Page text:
"This is not just important to Northeastern Wisconsin but important for Wisconsin as a whole. I would like to thank Governor Evers for recognizing the need to invest in northeastern Wisconsin's economy and accepting my invite to visit Marinette Marine," Nygren's statement concluded.
State Sen. Dave Hansen, a Democrat, also was pleased with Evers' announcement. He said in addition to the 1,500 employees who work there the shipyard supports hundreds of contract companies and thousands of their workers.
"Marinette Marine makes the best ship in the world ," Hansen said,adding that he was extremely happy to see that Gov. Evers "not only agrees, but is willing to invest in the improvements we need to win the Navy's next big contract, so we can continue building ships here for years to come."
In January of 2018 Allman had come to Marinette County Board to explain the pending contract opportunities and seek their help in financing the improvements that would be needed to build and launch the larger frigate type ships.She asked for County Board help in getting $15 to $20 million of local funding to help the firm get another Navy contract that would add some 400 new jobs to the 1,500 people already working at the Marinette shipyard, which the previous summer had celebrated its 75th year of shipbuilding in Marinette. Allman presented impressive figures on the firm's economic contributions to the area. She noted that it takes a strong community commitment for a small industry in a small community to last that long.
Allman said they needed about $100 million for the improvements, and were seeking $50 million in funds from state and local governments.
Allman said in addition to the 400 new jobs that will be directly created the contracts have the potential to create over 3,000 additional indirect jobs in this community and beyond. Currently the payroll, with 67 percent of employees living in Wisconsin and 33 percent in Michigan, brings $460 million each year in gross wages, and provides business for 800 major suppliers in 43 states.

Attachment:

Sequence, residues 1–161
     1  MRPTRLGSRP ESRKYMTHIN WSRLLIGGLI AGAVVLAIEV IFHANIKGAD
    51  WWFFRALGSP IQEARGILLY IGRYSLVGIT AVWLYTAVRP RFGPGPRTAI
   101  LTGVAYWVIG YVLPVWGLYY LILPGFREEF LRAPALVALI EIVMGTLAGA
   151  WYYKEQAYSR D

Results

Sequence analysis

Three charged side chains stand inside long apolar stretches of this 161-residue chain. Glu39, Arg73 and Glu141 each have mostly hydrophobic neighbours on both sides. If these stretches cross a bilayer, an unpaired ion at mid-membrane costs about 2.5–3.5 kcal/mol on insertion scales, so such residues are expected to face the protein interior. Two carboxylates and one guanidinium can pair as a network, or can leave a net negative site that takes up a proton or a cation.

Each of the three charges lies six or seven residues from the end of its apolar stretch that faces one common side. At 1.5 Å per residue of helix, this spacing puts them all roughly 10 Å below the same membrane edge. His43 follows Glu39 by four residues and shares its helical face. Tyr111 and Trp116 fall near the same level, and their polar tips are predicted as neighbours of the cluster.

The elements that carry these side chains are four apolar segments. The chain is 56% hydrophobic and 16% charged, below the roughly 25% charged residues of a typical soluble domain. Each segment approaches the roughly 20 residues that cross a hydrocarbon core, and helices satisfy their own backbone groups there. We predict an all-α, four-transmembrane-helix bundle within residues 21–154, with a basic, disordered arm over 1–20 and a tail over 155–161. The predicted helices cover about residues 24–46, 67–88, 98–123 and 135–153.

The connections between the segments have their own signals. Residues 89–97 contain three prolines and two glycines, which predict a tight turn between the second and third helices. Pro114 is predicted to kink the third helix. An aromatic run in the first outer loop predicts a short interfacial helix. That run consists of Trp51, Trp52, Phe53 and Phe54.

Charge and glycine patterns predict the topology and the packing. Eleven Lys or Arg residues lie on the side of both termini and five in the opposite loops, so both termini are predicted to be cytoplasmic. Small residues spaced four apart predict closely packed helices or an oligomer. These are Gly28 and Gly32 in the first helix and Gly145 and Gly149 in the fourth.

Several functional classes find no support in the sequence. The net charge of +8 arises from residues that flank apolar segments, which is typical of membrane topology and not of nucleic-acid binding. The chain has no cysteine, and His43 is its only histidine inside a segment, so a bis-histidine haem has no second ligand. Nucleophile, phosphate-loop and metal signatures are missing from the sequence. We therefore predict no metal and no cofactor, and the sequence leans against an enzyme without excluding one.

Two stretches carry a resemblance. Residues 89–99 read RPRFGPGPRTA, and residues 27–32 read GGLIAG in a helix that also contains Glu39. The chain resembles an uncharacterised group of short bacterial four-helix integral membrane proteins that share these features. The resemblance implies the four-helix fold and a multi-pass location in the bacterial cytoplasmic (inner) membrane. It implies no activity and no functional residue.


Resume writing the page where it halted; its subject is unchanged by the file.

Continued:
Since 2009, when LCS construction began, Fincantieri has added 700 new jobs and spent over $103 million on new buildings in Marinette, doubling their indoor work space and adding other infrastructure improvements. They now have 6 acres of buildings on the site. An average of 2,500 people enter their gates each day, Allman said. They are certified by the Navy as secure site, and were saluted by the US military for being among the top facilities in the nation in terms of security for their operations.
In March of 2018, after nearly two hours of intense discussion, Marinette County Board declined to support an initial resolution that could have led to loaning $50 million to Fincantieri Marinette Marine. The resolution would have authorized a closer look at the possibility of helping finance $100 million of improvements at the shipyard to enhance its chances of obtaining at least one, and probably two, long-term shipbuilding contracts.
As explained by John LeFebvre and by Financial Advisor Jeff Belongia at a special board meeting on Tuesday, Jan. 22, had the loan gone forward, Fincantieri Marinette Marine would have been obligated to repay the amount borrowed plus all interest and all associated costs before the end of the seven-year Saudi contract, and the loan would have hinged on them getting that contract.
It had been described as a "bridge loan," to provide operating capital and funds for improvements to the shipyard facilities, the river channel into which the ships are launched and the harbor through which the ships enter and leave the Bay of Green Bay and Lake Michigan.
The board had been told that those improvements, including larger new launch equipment, would greatly enhance the firm's chances of being the successful bidder on a longer term contract to build the new FREM class of frigates that the United States Navy is planning to acquire in the coming decade or two.
Granting the loan was strongly backed by Marinette County Board Chair Mark Anderson and County Administrator John LeFebvre, but failed to gather the votes needed to make it a reality.
In December of 2018 Marinette Marine received a $5 million Wisconsin Department of Transportation grant to dredge the Menominee River channel to the depth needed for the new vessels.